MENA Country Report - Morocco

Landenrapport

  • Marokko
  • Landbouw,
  • Automotive/Transport,

An expected rebound in agriculture will lead to higher GDP growth in 2015, forecast to increase 4.6%. Growth is also sustained by increasing exports, mainly to the eurozone.

Middle East and North Africa economies

Atradius STAR Political Risk Rating*:

Algeria: 6 (Moderate-High Risk) - Positive

Egypt: 6 (Moderate-High Risk) - Negative

Jordan: 5 (Moderate Risk) - Negative

Kuwait: 3 (Moderate-Low Risk) - Stable

Morocco: 5 (Moderate Risk) - Positive

Saudi Arabia: 3 (Moderate-Low Risk) - Negative

Tunisia: 5 (Moderate Risk) - Negative

United Arab Emirates: 3 (Moderate-Low Risk) - Positive

 

* The STAR rating runs on a scale from 1 to 10, where 1 represents the lowest risk and 10 the highest risk.

The 10 rating steps are aggregated into five broad categories to facilitate their interpretation in terms of credit quality. Starting from the most benign part of the quality spectrum, these categories range from ‘Low Risk’, ‘Moderate-Low Risk’, ‘Moderate Risk’, ‘Moderate-High Risk’ to ‘High Risk’, with a separate grade reserved for ‘Very High Risk.’

In addition to the 10-point scale, rating modifiers are associated with each scale step: ‘Positive’, ‘Stable’, and ‘Negative’. These rating modifiers allow further granularity and differentiate more finely between countries in terms of risk.

 

For further information about the Atradius STAR rating, please click here.

 

Morocco

Political situation

Head of state: King Mohammed VI (since July 1999)

Form of government: Constitutional monarchy. The King has far-reaching executive and legislative powers in Morocco.

Population: 33.2 million (est.)

A stable monarchy

The political situation is rather stable. King Mohammed VI holds most political power in his hands. There is no immediate threat to the monarchy and establishment as the King is popular with the people. He continues to cautiously liberalise the political system and to reform the economy. Maintaining political stability is highly dependent on reducing the high levels of poverty and youth unemployment in Morocco.

 

Economic situation

Higher growth due to agriculture rebound and increasing exports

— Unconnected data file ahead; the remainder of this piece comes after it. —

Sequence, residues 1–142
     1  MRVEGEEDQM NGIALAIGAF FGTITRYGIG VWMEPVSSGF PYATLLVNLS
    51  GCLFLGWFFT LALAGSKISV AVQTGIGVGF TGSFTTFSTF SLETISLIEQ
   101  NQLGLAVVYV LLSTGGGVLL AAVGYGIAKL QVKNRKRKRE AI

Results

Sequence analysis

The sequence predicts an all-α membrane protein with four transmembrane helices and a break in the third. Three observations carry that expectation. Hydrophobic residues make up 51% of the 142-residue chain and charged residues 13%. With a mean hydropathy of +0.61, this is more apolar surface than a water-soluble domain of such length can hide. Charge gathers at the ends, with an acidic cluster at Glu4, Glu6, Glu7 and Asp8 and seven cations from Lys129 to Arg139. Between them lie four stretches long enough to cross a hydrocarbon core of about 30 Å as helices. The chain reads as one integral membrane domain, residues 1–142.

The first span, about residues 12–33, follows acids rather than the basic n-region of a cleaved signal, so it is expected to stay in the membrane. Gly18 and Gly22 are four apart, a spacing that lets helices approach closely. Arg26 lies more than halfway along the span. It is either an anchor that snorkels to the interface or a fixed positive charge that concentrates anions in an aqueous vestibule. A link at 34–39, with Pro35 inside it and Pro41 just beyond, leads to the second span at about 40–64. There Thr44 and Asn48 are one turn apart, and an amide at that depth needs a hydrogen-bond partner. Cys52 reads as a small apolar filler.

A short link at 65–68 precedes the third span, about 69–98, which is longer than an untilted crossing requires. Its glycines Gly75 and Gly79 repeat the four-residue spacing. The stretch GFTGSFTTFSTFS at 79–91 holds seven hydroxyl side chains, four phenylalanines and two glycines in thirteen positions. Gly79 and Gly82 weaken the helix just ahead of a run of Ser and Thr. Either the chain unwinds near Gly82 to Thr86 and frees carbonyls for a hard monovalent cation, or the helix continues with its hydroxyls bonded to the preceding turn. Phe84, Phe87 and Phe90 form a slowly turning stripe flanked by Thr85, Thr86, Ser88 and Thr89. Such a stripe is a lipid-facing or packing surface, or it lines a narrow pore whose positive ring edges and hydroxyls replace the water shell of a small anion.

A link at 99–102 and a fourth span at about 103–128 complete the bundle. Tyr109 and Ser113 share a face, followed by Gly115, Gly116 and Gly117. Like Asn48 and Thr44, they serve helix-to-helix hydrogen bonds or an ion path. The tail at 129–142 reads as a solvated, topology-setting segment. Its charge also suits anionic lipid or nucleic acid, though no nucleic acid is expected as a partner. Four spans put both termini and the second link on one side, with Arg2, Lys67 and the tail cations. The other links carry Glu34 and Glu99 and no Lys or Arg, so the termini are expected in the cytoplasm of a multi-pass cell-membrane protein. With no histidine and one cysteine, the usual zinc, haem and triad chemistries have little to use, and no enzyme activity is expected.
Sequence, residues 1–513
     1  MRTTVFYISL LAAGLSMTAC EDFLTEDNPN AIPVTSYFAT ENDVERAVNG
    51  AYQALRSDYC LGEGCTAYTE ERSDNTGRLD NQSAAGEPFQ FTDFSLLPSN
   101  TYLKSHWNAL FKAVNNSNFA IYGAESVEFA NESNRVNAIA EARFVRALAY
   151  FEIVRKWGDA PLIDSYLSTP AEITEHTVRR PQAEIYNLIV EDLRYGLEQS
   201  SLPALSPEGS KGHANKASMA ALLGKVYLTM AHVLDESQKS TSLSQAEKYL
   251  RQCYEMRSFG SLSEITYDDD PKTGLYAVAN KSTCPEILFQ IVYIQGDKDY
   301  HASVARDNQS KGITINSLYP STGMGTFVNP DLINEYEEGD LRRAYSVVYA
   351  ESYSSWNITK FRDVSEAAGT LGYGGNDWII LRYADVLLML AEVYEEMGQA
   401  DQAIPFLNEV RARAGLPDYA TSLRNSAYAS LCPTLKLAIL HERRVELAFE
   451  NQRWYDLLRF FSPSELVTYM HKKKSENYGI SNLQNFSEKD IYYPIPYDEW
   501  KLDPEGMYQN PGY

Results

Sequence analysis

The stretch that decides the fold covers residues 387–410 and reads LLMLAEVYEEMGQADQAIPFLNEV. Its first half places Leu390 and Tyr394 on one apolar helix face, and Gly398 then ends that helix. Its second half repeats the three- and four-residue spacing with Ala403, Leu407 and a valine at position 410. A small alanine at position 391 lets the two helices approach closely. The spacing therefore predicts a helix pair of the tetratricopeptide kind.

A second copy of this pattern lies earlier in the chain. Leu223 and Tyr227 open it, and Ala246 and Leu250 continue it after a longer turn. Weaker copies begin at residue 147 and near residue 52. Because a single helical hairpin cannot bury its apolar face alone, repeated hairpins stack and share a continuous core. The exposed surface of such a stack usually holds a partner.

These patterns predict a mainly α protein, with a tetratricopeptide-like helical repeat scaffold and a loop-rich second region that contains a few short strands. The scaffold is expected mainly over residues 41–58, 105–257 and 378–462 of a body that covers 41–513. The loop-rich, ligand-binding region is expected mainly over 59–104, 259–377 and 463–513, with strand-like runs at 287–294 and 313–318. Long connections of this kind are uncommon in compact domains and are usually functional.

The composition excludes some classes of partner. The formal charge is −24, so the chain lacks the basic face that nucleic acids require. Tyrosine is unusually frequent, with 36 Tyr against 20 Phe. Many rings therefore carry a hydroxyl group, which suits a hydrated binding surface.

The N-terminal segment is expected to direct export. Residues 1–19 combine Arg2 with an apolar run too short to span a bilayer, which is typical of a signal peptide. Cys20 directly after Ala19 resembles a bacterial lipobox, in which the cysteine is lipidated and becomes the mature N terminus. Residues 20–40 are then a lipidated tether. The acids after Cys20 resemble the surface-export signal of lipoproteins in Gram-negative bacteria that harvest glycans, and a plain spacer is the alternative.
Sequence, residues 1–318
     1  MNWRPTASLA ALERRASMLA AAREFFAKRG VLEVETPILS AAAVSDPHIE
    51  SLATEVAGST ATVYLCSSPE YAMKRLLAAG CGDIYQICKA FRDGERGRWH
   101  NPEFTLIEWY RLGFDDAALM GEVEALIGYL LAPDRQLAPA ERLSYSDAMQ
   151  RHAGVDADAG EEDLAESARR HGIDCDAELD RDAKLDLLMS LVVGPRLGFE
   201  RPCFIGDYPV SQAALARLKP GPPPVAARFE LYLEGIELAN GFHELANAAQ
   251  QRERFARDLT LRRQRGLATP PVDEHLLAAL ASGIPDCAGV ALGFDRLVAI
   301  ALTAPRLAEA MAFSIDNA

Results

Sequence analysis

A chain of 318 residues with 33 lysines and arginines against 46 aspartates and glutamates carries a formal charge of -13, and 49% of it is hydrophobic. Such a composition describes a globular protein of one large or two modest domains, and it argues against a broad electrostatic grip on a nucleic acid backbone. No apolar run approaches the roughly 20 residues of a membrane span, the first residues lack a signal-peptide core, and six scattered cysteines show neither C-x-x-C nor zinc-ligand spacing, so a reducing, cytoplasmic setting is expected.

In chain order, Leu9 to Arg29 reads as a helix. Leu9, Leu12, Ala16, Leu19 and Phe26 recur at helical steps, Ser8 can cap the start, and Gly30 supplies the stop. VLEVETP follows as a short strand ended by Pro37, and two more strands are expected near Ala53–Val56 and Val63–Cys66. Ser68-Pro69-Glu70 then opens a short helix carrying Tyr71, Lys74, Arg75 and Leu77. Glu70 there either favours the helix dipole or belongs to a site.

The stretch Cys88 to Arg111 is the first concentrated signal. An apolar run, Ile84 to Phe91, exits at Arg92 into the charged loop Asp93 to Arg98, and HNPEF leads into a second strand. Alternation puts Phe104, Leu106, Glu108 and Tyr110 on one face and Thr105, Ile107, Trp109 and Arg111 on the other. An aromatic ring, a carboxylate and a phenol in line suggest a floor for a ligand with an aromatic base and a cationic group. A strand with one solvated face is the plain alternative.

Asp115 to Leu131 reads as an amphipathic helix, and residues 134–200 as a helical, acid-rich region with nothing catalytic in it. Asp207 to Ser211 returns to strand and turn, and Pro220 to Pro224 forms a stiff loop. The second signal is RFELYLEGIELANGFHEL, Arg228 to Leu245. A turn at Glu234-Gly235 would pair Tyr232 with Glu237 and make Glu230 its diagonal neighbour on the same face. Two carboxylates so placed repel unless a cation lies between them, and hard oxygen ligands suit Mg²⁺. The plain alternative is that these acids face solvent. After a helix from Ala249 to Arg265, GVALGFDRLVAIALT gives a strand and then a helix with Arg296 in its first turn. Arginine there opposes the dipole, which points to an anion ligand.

In 2014 economic growth slowed to 2.0%, mainly due to a disappointing harvest. The country is still highly dependent on agriculture, which employs some 40% of the workforce, and swings in agriculture output have a major impact on private consumption and the economy. An expected rebound in agriculture will lead to higher GDP growth in 2015, forecast to increase 4.6%. Growth is also sustained by increasing exports, mainly to the eurozone.

 

In recent years, the government has increased efforts to diversify the economy by developing industrial manufacturing, especially export-driven sectors (cars, aeronautics and electronics). Those efforts are increasingly paying off, as exports of those goods are increasing. Economic reforms have lifted efficiency and attracted greater levels of foreign investments.

 

Public finances are weak, as government debt increased to 77% of GDP in 2014 and the public deficit was 4.9% of GDP. That said, the government has cut subsidies on petroleum products and is introducing more reforms in order to lower the public deficit.

 

In 2015 the current account deficit is expected to decrease to 3.7% of GDP due to cheaper oil imports and rising exports. Financing the structural current account deficit with foreign loans and foreign direct investment has been no problem so far. In the long term, it is expected that the high dependency on oil imports will decline as the government is investing in renewable energy.

 

Morocco’s solvency position is acceptable, with foreign debt amounting to 49% of GDP in 2015. The liquidity position is good and expected to improve to more than seven months of import cover in 2015. Morocco has extended a two-year precautionary liquidity line (PLL) with the IMF until 2016, and while it is not expected that the government will access the facility, it nevertheless helps Morocco’s reform programme and signals creditworthiness.

 

A potential downside risk to the Moroccan economy remains another deterioration in the eurozone, which is of major importance as an export destination, for workers ́remittances and tourism inflow.

 

Disclaimer

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